DOHA, Oct 12 (AFP) - The Taliban held their first face-to-face talks with a joint US-EU delegation on Tuesday (Oct 12) in Qatar as Brussels pledged €1 billion (US$1.2 billion) in aid for Afghanistan.
At the Doha meeting and a conference of the world's major economies, the G20, the message for the Taliban was the same: the world is committed to humanitarian aid for Afghanistan's suffering people, and the country must not become a base for militants.
The European Union opened the virtual G20 summit by pledging the one-billion-euro aid package, including money for urgent humanitarian needs and Afghanistan's neighbours taking in Afghans fleeing the Taliban.
The hardline Taliban are seeking recognition, as well as assistance to avoid a humanitarian disaster, after they returned to power in August following the withdrawal of US troops.
EU Commission President Ursula von der Leyen said the assistance meant "to avert a major humanitarian and socio-economic collapse".
She stressed the funds are "direct support" for Afghans and would be channelled to international organisations, not to the Taliban's interim government, which Brussels does not recognise.
"We have been clear about our conditions for any engagement with the Afghan authorities, including on the respect of human rights," she said.
Italian Prime Minister Mario Draghi, who hosted the G20 talks, said they agreed to work together to provide humanitarian help for the Afghan people and that this must involve contacts with the Taliban.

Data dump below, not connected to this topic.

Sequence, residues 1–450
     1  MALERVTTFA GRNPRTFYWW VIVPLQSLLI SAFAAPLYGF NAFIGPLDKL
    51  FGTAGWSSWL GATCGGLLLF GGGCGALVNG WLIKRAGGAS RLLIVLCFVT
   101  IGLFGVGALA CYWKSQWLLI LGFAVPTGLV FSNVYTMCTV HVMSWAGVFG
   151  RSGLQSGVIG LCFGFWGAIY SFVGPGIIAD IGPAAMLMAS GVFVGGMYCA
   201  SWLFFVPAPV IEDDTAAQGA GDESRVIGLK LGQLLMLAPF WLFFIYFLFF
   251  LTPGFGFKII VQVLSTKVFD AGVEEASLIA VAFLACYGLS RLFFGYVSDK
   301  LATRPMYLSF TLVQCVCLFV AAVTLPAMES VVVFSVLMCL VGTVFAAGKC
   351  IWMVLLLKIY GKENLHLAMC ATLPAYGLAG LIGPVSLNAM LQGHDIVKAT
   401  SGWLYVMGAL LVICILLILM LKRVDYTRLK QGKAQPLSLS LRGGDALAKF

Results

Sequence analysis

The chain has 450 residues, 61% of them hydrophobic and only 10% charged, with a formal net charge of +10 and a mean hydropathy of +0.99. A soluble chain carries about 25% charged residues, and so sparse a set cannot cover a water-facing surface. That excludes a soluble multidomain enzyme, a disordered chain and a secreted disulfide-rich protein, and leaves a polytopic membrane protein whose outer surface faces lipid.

"It's very hard to see how one can help the Afghan people ... without some sort of involvement of the Taliban government," he said.
The G20 includes the United States, EU, China, Turkey, Russia, India and Saudi Arabia, among others.
"Instead of responding and arguing ... we now have an awareness of this emergency and of the enormous responsibilities that the G20 has towards the Afghan people," he told a post-summit press conference.
US President Joe Biden was among leaders attending the summit. A White House statement said the leaders "discussed the critical need to maintain a laser-focus on our enduring counterterrorism efforts, including against threats from ISIS-K".
That was a reference to Islamic State-Khorasan, the Islamic State group's offshoot in the region, which is a bitter rival of the Taliban and has staged deadly attacks.